declining power, and considered any change in the status quo either
too frightening or too expensive. Proposing a controversial vision of
ideological and strategic victory over the forces of international communism, Reagan called for an end to complacency in the face of the
Soviet threat, large increases in defense spending, resistance to communist advances in the Third World, and greater moral clarity and
purpose in U.S. foreign policy. He championed American exceptionalism when it was deeply unfashionable. Perhaps most significant, he
refiised to accept the limits on American power imposed by the domestic political realities that others assumed were fixed.
Many smart people regarded Reagan with scorn or alarm. Liberal
Democrats still reeling from the Vietnam War were, of course, appalled by his zealotry. So were many of Reagan's fellow Republicans,
especially the Kissingerian realists then dominant in foreign affairs.
Reagan declared war on his own party, took on Gerald Ford for the
1976 Republican presidential nomination (primarily over issues of
foreign policy), and trained his guns on Kissinger, whose stewardship
of U.S. foreign policy, he charged, had "coincided precisely with the
loss of U.S. military supremacy." Although Reagan lost the battle to
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unseat Ford, he won the fight at the Republican convention for a platform plank on "morality in foreign policy." Ultimately, he succeeded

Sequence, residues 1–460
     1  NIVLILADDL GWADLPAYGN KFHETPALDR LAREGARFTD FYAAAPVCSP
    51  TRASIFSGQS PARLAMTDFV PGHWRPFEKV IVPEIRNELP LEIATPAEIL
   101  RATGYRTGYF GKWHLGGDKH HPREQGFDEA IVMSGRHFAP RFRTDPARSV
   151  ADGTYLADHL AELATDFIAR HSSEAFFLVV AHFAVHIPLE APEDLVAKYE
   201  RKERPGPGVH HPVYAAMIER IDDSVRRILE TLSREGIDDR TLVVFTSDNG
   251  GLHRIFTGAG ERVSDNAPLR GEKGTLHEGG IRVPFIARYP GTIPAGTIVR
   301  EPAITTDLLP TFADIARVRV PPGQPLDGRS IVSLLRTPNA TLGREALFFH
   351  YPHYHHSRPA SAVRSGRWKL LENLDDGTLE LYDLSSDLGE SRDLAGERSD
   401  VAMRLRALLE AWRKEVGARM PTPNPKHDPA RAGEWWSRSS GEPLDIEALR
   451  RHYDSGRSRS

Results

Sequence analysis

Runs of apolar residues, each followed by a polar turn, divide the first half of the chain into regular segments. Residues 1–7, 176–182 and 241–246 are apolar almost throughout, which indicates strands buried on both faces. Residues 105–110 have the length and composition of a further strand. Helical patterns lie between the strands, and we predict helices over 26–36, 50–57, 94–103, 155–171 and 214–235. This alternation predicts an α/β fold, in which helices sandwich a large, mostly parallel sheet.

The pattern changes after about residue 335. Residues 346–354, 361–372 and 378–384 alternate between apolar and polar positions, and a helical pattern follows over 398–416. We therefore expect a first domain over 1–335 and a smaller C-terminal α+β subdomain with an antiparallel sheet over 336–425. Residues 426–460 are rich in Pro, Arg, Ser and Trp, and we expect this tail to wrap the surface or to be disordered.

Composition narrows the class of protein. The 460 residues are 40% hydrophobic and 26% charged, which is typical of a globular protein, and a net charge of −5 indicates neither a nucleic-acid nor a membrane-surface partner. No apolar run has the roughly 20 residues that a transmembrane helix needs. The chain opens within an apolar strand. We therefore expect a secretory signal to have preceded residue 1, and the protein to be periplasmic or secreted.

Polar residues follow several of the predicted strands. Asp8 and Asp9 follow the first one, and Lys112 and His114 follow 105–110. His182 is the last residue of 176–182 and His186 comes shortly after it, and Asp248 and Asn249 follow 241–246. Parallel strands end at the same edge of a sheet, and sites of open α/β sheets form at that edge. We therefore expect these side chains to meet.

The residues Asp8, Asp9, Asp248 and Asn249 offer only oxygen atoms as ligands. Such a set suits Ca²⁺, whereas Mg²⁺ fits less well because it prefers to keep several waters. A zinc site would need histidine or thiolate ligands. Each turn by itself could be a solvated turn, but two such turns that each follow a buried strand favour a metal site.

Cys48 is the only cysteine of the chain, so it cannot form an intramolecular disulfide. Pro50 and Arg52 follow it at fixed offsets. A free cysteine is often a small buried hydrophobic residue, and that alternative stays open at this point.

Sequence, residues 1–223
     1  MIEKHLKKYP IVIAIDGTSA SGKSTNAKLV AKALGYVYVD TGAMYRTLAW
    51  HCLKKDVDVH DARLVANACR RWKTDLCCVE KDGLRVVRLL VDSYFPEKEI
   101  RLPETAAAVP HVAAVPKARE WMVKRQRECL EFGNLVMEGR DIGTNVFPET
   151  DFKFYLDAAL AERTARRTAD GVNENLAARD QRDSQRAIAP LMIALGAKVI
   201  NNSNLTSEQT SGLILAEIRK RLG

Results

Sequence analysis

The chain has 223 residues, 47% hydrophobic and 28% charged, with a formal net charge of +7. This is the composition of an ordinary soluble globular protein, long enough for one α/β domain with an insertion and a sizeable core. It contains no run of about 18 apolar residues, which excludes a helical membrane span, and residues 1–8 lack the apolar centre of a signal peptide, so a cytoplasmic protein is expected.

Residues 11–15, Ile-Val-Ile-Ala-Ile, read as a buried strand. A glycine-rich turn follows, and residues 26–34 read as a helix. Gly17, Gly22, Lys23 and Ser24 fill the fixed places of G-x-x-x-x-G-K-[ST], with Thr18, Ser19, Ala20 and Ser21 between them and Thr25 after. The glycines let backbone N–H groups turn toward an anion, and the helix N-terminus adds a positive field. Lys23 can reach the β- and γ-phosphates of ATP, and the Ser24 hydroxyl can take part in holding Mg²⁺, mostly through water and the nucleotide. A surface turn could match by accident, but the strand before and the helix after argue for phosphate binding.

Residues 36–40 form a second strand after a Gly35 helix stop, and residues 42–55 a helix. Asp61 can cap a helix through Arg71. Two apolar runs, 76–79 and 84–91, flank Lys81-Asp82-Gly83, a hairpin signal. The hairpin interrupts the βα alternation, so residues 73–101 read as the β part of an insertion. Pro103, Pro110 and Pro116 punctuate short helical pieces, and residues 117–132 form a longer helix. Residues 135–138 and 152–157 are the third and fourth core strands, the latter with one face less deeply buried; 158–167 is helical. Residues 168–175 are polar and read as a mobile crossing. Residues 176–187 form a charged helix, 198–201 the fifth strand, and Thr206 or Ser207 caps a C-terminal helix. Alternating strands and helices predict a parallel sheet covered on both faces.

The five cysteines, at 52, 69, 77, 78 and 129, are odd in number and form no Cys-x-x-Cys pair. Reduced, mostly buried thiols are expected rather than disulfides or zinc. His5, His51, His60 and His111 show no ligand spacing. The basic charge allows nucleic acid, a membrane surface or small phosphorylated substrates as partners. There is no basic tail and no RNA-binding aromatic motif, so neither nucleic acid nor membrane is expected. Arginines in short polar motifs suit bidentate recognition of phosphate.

in transforming the Republican party, the conservative movement in
America, and, after his election to the presidency in 1980, the country
and the world.

BENEVOLENT HEGEMONY

YEARS later, it is time once again to challenge an indifferent


America and a confiised American conservatism. Today's lukewarm
consensus about America's reduced role in a post-Cold War world is
wrong. Conservatives should not accede to it; it is bad for the country
and, incidentally, bad for conservatism. Conservatives will not be able
to govern America over the long term if they fail to offer a more elevated vision of America's international role.
What should that role be? Benevolent global hegemony. Having
defeated the "evil empire," the United States enjoys strategic and ideological predominance. The first objective of U.S. foreign policy
should be to preserve and enhance that predominance by strengthening America's security, supporting its friends, advancing its interests, and standing up for its principles around the world.
The aspiration to benevolent hegemony might strike some as either
hubristic or morally suspect. But a hegemon is nothing more or less than
a leader with preponderant infiuence and authority over all others in its
domain. That is America's position in the world today. The leaders of
Russia and China understand this. At their April summit meeting,
Boris Yeltsin and Jiang Zemin joined in denouncing "hegemonism" in